Combining Philosophers

All the ideas for Peter B. Lewis, Ullin T. Place and D.J. O'Connor

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12 ideas

3. Truth / A. Truth Problems / 5. Truth Bearers
Must sentences make statements to qualify for truth? [O'Connor]
     Full Idea: Maybe a sentence is not a candidate for truth until it is used to make a statement.
     From: D.J. O'Connor (The Correspondence Theory of Truth [1975], Ch.6)
3. Truth / C. Correspondence Truth / 1. Correspondence Truth
Beliefs must match facts, but also words must match beliefs [O'Connor]
     Full Idea: Our beliefs must claim a correspondence with facts, and then the verbal expression of the belief must correspond to the belief itself.
     From: D.J. O'Connor (The Correspondence Theory of Truth [1975], Ch.4)
3. Truth / F. Semantic Truth / 2. Semantic Truth
The semantic theory requires sentences as truth-bearers, not propositions [O'Connor]
     Full Idea: The Semantic Theory of truth requires that sentences are truth-bearers (rather than statements, or propositions).
     From: D.J. O'Connor (The Correspondence Theory of Truth [1975], Ch.6)
What does 'true in English' mean? [O'Connor]
     Full Idea: We do not seem to have any use in ordinary discourse for phrases like 'true in English', 'false in German'.
     From: D.J. O'Connor (The Correspondence Theory of Truth [1975], II.1)
5. Theory of Logic / A. Overview of Logic / 4. Pure Logic
Logic seems to work for unasserted sentences [O'Connor]
     Full Idea: If sentences can have truth-values only when they occur as asserted, it would be impossible to have a truth-functional basis to logic.
     From: D.J. O'Connor (The Correspondence Theory of Truth [1975], Ch.6)
7. Existence / B. Change in Existence / 4. Events / c. Reduction of events
Events are fast changes which are of interest to us [O'Connor]
     Full Idea: The standard cases of events are physical changes which happen sufficiently fast to be observed as changes, and which are of sufficient interest to us to be noticed or commented on.
     From: D.J. O'Connor (The Correspondence Theory of Truth [1975], Ch.7)
11. Knowledge Aims / A. Knowledge / 4. Belief / a. Beliefs
Without language our beliefs are particular and present [O'Connor]
     Full Idea: Without language we would be restricted to particular beliefs about the here and now.
     From: D.J. O'Connor (The Correspondence Theory of Truth [1975], Ch.8)
We can't contemplate our beliefs until we have expressed them [O'Connor]
     Full Idea: It is only when beliefs are given some symbolic expression that they acquire the precision and stability that enables us to entertain them.
     From: D.J. O'Connor (The Correspondence Theory of Truth [1975], Ch.5)
11. Knowledge Aims / C. Knowing Reality / 3. Idealism / d. Absolute idealism
Fichte, Schelling and Hegel rejected transcendental idealism [Lewis,PB]
     Full Idea: Fichte, Schelling and Hegel were united in their opposition to Kant's Transcendental Idealism.
     From: Peter B. Lewis (Schopenhauer [2012], 3)
     A reaction: That is, they preferred genuine idealism, to the mere idealist attitude Kant felt that we are forced to adopt.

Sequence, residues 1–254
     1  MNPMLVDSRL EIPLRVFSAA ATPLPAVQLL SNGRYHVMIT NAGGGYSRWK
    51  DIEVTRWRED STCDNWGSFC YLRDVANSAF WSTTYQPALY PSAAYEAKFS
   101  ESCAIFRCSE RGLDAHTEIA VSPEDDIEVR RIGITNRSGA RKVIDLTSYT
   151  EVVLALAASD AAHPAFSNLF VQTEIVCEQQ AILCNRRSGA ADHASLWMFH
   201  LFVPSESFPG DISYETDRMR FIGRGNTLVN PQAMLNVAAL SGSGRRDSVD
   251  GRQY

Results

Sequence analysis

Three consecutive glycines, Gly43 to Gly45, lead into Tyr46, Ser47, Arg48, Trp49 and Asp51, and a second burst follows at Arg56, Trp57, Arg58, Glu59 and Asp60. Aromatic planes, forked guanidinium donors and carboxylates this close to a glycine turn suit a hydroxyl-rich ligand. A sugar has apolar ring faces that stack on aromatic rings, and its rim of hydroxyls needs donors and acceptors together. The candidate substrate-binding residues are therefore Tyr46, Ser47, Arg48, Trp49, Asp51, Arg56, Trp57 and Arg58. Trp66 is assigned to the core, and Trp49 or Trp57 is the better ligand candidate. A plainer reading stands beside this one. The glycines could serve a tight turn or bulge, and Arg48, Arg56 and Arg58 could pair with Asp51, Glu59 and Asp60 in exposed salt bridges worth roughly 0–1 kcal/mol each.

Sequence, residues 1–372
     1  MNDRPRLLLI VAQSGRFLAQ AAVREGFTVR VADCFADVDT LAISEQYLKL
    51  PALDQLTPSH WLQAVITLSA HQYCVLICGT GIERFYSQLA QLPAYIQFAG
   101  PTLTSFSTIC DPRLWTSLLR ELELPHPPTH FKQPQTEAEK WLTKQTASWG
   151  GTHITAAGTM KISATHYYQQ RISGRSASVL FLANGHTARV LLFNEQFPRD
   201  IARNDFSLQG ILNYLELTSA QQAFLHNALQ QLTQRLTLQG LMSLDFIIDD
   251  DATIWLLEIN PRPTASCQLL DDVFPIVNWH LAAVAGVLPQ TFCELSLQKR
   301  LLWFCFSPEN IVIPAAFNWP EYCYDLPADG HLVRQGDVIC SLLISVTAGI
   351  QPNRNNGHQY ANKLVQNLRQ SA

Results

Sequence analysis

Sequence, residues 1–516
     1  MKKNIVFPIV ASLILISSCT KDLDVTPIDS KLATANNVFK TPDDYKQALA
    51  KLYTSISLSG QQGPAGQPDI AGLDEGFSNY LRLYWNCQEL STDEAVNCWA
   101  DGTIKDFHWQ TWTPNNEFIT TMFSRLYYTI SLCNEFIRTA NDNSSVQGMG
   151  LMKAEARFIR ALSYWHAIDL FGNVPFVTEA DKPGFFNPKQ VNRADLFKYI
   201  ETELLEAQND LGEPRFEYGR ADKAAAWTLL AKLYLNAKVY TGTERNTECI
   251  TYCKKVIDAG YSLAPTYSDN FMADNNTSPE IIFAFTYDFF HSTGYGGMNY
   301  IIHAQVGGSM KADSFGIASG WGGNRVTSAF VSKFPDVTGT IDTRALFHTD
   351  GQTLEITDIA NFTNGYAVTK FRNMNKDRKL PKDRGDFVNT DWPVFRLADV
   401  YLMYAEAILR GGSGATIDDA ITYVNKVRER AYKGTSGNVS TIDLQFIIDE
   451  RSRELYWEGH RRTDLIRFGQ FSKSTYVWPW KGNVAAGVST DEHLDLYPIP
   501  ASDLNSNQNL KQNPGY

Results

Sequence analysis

Fichte, Hegel and Schelling developed versions of Absolute Idealism [Lewis,PB]
     Full Idea: At the University of Jena, Fichte, Hegel and Schelling critically developed aspects of Kant's philosophy, each in his own way, thereby giving rise to the movement known as Absolute Idealism, see reality as universal God-like self-consciousness.
     From: Peter B. Lewis (Schopenhauer [2012], 2)
     A reaction: Is asking how anyone can possibly have believed such a bizarre and ridiculous idea a) uneducated, b) stupid, c) unimaginative, or d) very sensible? It sounds awfully like Spinoza's concept of God. Also Anaxagoras.
15. Nature of Minds / B. Features of Minds / 4. Intentionality / b. Intentionality theories
Intentionality is the mark of dispositions, not of the mental [Place]
     Full Idea: My thesis is that intentionality is the mark, not of the mental, but of the dispositional.
     From: Ullin T. Place (Intentionality and the Physical: reply to Mumford [1999], 1)
     A reaction: An idea with few friends, but I really like it, because it offers the prospect of a unified account of physical nature and the mind/brain. It seems reasonable to say my mind is essentially a bunch of dispositions. Mind is representations + dispositions.
26. Natural Theory / D. Laws of Nature / 8. Scientific Essentialism / c. Essence and laws
Dispositions are not general laws, but laws of the natures of individual entities [Place]
     Full Idea: Dispositions are the substantive laws, not, as for Armstrong, of nature in general, but of the nature of individual entities whose dispositional properties they are.
     From: Ullin T. Place (Intentionality and the Physical: reply to Mumford [1999], 6)
     A reaction: [He notes that Nancy Cartwright 1989 agrees with him] I like this a lot. I tend to denegrate 'laws', because of their dubious ontological status, but this restores laws to the picture, in the place where they belong, in the stuff of the world.